Final results were collected after 6 months. One-hundred and sixty-three patients were cured (86.2%), 15 patients presented disabilities (7.9%) and 11 patients died (5.8%); mortality was observed in the early postoperative period. No other patients died during follow-up.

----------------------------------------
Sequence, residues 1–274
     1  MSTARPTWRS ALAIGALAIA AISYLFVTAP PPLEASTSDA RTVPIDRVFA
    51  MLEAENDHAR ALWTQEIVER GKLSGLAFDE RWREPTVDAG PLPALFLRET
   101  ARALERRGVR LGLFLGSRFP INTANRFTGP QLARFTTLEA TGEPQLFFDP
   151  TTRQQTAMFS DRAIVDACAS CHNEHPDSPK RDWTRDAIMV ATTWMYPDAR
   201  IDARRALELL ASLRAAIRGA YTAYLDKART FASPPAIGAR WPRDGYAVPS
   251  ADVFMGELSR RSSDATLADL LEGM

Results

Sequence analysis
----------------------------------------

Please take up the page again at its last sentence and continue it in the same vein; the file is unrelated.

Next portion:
Final results were collected after 6 months. One-hundred and sixty-three patients were cured (86.2%), 15 patients presented disabilities (7.9%) and 11 patients died (5.8%); mortality was observed in the early postoperative period. No other patients died during follow-up.